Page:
iTunes Match: The Good and the Bad

Although it came in a touch later than it was promised, iTunes Match is now ready to go. Now you can have all of your music — whether it was bought on iTunes or not — on any OS X/iOS device at any time. Kinda cool, right?

Yes, this is definitely a step in the right direction, but there are a few unanswered questions that I have about the service that make me a bit nervous. Let’s get into them after the break.

What It Is

Let’s just go right off of Apple’s website for this one, that way we hear it right from the horse’s mouth:

With iTunes Match, even songs you’ve imported from CDs can be stored in iCloud. And you can play them on any iPhone, iPad, iPod touch, Mac, or PC — whenever you want and wherever you are, without syncing. iTunes Match is just $24.99 a year.

Here’s how it works: iTunes determines which songs in your collection are available in the iTunes Store. Any music with a match is automatically added to iCloud for you to listen to anytime, on any device. Since there are more than 20 million songs in the iTunes Store, chances are, your music is already in iCloud. And for the few songs that aren’t, iTunes has to upload only what it can’t match. Which is much faster than starting from scratch. Once your music is in iCloud, you can stream and store it to any of your devices. Even better, all the music iTunes matches plays back from iCloud at 256-Kbps AAC DRM-free quality — even if your original copy was of lower quality.

In other words, you pay $25 a year to Apple and any song in your iTunes library — burned, copied or bought from iTunes — is stored in iCloud, giving you access to the music anytime on any device you want.

Digging Deeper

Thinking about this a bit further, this has pretty dramatic implications on the devices you purchase in the future, because you might not need as storage as you thought.

Let’s say you’re ready to buy an iPhone 4S, but you can’t decide between the 16, 32 and 64GB models. Assuming you’re usually connected to a good cell signal, you could buy the 16GB model and just download the music you want on demand. That means that you’ll save the cash on the purchase price of the phone, with a mild hit on your time when you want to listen to music.

Is iTunes Match worth the money?

Is iTunes Match worth the money?

On the other end of things, if you have a mammoth music library and there’s no iPhone that could contain it, then iTunes Match allows you to download those tracks you don’t keep local when you want them. Now you can still buy the biggest iPhone, and still have access to that huge library.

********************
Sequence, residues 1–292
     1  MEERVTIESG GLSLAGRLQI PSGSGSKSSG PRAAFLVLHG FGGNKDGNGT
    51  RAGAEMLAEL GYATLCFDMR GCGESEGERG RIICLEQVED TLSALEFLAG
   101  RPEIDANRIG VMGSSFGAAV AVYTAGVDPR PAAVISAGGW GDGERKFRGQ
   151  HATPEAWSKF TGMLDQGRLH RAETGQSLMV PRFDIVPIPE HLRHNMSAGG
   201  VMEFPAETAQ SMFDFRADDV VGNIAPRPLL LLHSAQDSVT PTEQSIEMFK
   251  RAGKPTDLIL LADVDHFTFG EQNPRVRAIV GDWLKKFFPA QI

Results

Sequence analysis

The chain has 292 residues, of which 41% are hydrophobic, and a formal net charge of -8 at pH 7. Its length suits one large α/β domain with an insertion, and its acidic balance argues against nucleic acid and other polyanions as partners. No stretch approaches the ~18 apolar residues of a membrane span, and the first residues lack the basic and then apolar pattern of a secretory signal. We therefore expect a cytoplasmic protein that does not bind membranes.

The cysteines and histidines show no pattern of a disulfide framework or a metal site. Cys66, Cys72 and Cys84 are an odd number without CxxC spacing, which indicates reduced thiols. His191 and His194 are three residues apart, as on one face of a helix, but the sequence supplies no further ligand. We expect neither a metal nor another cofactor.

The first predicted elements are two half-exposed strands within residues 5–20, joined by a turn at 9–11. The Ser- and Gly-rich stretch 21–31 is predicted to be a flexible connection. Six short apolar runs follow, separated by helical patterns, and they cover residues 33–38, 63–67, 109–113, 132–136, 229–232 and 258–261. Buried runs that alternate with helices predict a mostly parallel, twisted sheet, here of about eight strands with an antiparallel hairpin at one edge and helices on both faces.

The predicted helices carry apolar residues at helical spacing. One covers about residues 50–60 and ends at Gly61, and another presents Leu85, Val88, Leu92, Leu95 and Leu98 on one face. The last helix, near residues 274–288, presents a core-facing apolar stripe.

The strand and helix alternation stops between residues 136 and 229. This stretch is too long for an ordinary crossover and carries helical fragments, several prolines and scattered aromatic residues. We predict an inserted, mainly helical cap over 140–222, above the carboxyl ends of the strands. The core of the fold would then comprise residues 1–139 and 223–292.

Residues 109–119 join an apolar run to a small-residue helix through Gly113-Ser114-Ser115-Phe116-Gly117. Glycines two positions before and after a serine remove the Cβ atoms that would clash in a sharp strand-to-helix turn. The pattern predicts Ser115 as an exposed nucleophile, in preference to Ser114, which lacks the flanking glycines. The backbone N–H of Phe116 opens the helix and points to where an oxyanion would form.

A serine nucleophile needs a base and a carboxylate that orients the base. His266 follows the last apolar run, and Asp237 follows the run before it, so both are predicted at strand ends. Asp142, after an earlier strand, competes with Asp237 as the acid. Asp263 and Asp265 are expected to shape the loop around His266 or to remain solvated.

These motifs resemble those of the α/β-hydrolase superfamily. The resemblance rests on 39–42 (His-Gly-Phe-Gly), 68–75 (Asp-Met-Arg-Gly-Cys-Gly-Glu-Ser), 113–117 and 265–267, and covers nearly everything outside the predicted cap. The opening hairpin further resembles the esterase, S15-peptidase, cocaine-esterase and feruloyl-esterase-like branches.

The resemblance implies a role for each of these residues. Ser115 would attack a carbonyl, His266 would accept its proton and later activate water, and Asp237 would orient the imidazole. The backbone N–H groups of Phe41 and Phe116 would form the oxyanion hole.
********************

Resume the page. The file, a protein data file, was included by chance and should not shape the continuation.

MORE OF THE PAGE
The Pirated Music Part

We’ve probably all got some pirated music on our computers somewhere, right? Personally, I’ve never downloaded a torrent of a new album or “borrowed” one from a friend, but I know plenty of people who have. At one point, I was offered a 1TB hard drive full of MP3s that a friend of mine already had in his library and didn’t need anymore — these things happen, and sometimes we have files in our collection that came from a less than reputable source.

Now although it’s illegal to have those files in the U.S., there’s no harm in having them on your computer really, assuming you’re not sharing them with other people. But now, with iTunes Match, you are. And those people are Apple.

Apple has a very strong moral stance on certain issues, and pirated music is one of them (remember those “Don’t Steal Music labels on the old iPods?). By sending your library and its accompanying metadata to Apple, you’re giving them a key to your possibly illicit material. Will they do anything with that information?

Most likely, no. Chances are pretty good that Apple isn’t going to turn in iTunes Match customers to the cops because it would hurt them in the long run. And chances are also pretty good that Apple already has access to that information, iTunes Match or not, just because of iCloud. But the possibility is there, right?

It’s Only Music

I really debated getting iTunes Match for myself, but then I started to wonder if I really needed it. My iPhone has all of my music on it, so that’s not an issue, and even if my iPad doesn’t have it all it’s still on my iPhone which is always with me. There’s not much of a point.

But what would make sense to me is an iTunes Match for your movies and TV shows. Since those files are so much bigger, I can’t carry everything I want on one device, it’s just not possible. But with a hypothetical iTunes Match for my entire iTunes library, I could walk around with a relatively light device, and just download what I want when I want it. Sure, the files might take a bit longer to download, but if it allowed me to watch as it went like the AppleTV, then I’d be set. No need to worry if I have the right movie on my iPhone anymore, it’s always available.

Of course, they can’t do that right now, and I’m sure it’s because of licensing issues or something similar. But wouldn’t it be neat if it was?

Closing Thoughts

When iTunes Match first came out, I was all excited because it meant that I would have access to all of my music wherever I was, no matter if it was on my device or not. But in looking at it further, I wonder if it’s really necessary. Most of the time my iPhone is in my pocket, and that has all of the music I really want to listen to on a regular basis. Do I really need to spend the money to get it done, particularly when I worry about the privacy issues?

But you’ve got a different decision to make. What do you think about iTunes match? Will you buy into the service, or do you not find it to be necessary? Let us know in the comments.